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Kitty Rhoades says her experience is a big asset in legislature

Kitty Rhoades said that re-electing her to the 30th District Assembly seat will ensure voters of having an experienced representative with a history of getting things done.

"I've taken on big challenges that are beneficial to our district, but required bi-partisan support," Rhoades said. "I've built those relationships."

Rhoades, who was first elected in 1999, serves on numerous Assembly committees and is co-chair of the Joint (Assembly and Senate) Committee on Finance -- considered among the most powerful in the state structure.

Rhoades gave her thoughts on several questions during a recent interview:

  • What do you see as the state's most pressing budget problems and how do you plan to deal with them?

    "We need to get the state to live within its checkbook," Rhoades said. "People's incomes are down -- we can't have tax increases when the economy is in a slump. The bottom line is decreased spending."

    She said the state can get involved in assisting the economy by keeping jobs in the state and attracting new jobs.

    "That will be my mission in the next session -- control spending, keep jobs and attract new jobs," Rhoades said.

  • What role should the state have in health care and what are your thoughts on the issue?

    "That is the number one issue when we go door to door," Rhoades said. "But keep in mind that people want reform -- not government-run health care."

    She said she will work for a simpler system.

    "People want affordable premiums and they want to be able to take health care with them (from job to job)," Rhoades said. "They also want a system that is easier to understand -- they don't want government to run it."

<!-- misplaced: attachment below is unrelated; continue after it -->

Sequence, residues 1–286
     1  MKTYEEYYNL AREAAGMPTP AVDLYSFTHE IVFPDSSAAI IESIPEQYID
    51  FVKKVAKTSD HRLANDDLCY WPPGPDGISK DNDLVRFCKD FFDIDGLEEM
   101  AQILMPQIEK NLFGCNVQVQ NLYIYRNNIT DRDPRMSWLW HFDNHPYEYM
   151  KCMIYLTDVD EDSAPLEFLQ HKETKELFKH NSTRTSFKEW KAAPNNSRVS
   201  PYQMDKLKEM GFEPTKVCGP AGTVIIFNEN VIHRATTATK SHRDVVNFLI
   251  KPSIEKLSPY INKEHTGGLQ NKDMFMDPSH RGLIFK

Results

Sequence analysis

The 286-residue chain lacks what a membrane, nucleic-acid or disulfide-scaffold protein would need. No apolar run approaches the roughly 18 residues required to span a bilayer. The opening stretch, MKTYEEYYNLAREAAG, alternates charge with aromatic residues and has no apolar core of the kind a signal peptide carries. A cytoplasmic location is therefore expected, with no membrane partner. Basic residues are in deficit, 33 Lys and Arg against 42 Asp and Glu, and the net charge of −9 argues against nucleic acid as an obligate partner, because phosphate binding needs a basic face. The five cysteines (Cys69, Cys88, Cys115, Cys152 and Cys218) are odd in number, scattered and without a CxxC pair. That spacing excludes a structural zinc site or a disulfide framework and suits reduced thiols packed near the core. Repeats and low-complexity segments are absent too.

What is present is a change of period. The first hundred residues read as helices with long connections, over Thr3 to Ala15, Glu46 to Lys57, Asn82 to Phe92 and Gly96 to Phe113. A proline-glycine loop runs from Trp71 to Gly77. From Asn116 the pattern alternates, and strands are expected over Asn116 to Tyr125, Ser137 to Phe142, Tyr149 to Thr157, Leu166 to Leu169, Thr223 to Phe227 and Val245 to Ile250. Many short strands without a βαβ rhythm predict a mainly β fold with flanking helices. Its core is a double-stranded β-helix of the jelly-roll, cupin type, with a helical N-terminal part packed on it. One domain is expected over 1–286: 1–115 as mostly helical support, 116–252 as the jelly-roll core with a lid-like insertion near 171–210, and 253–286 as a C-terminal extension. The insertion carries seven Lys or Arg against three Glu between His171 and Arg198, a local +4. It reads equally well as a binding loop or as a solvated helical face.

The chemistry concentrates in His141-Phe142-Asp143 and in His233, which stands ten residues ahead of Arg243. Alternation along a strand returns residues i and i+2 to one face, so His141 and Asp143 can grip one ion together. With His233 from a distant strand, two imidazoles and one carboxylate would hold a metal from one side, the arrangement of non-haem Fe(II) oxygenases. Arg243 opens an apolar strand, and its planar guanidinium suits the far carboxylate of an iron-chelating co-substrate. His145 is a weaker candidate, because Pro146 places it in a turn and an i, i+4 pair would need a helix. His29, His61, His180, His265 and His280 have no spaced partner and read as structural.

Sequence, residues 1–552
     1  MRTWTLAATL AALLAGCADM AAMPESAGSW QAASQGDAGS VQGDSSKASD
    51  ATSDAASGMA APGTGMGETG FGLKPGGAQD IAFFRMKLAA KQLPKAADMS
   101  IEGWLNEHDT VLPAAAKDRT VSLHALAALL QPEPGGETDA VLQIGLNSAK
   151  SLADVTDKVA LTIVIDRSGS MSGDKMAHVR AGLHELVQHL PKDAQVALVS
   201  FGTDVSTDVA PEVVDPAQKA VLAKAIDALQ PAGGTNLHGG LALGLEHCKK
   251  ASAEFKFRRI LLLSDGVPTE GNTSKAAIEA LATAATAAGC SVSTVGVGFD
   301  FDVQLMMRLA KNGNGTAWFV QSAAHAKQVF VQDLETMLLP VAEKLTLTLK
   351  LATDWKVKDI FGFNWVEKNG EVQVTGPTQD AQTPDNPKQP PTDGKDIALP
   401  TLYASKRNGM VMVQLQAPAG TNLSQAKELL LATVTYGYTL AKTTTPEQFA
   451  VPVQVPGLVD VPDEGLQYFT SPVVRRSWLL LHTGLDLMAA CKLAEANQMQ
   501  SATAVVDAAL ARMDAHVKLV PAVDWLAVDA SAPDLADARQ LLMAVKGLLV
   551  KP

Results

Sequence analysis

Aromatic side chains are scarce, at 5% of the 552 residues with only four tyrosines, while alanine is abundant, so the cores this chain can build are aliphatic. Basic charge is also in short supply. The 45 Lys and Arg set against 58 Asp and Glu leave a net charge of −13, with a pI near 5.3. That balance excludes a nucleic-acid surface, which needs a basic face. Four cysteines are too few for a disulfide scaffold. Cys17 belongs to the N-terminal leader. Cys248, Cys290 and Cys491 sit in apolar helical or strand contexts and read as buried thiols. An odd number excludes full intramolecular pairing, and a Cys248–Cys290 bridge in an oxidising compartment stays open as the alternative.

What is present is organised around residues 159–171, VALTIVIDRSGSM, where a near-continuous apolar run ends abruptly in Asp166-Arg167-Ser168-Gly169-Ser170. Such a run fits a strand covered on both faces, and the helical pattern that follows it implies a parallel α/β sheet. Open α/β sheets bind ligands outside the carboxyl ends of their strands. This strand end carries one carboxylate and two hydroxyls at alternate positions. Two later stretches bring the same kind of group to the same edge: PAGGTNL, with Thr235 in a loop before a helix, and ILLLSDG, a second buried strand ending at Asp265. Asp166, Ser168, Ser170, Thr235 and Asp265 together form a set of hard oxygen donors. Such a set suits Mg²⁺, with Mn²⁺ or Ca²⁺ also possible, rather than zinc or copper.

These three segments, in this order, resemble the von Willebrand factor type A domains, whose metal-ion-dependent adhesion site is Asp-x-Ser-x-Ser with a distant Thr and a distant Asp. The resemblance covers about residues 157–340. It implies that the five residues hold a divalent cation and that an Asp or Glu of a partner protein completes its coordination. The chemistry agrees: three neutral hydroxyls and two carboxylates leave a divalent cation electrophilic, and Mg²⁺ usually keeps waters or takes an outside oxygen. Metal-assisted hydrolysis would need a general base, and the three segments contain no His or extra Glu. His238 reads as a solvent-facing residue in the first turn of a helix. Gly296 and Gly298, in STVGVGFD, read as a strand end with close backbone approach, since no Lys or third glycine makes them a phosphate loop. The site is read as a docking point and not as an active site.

She said she has accomplished a number of things related to health care, including work on a package known as IRIS (Include, Respect, I Self-Direct).

    The Medical Assistance program benefits the elderly, adults with physical disabilities and adults with developmental disabilities.

    Rhoades said the same model could be used in other areas of health care.

  • There are a number of issues that involve taxing. For instance, what are your thoughts on the current municipal levy limits (2 percent)? Other than school, what other taxes present challenges/opportunities?

    Rhoades said the cap came after rapid increases in home values.

    "Before the cap, people saw huge increases in property taxes and nothing else had really changed." Rhoades said. "The cap was an effort to keep taxes in line with the ability to pay."

    She noted that there is a safety valve.

    "Municipalities can use the referendum process to go over the cap.

    "The problem is not that we are taxing too little -- it's that we are spending too much.

    "The cost of everything is going up. This is not the time to increase taxes on people or businesses -- more business taxes will force them to go elsewhere."

    On the other hand, she said tax incentives can be a good tool to get businesses to come to Wisconsin and create jobs. She has been on the battlefront to add those sorts of programs to the state arsenal. The programs include the Innovation Tax Credits, Technology Development Zone Program, Angel Investment Expansion, Capital Gains Reinvestment and Education Tax Credits -- all designed to assist, attract and keep businesses in Wisconsin.

  • What are your thoughts on funding education in general? And, what do you think about the current teacher wage and benefit limits (3.8 percent)?

    "If we were to remove the 3.8 percent caps (Qualified Economic Offer -- known as QEO), it would have a direct impact on property tax," Rhoades said. "As far as funding education, nearly 50 cents of every dollar the state collects goes into education."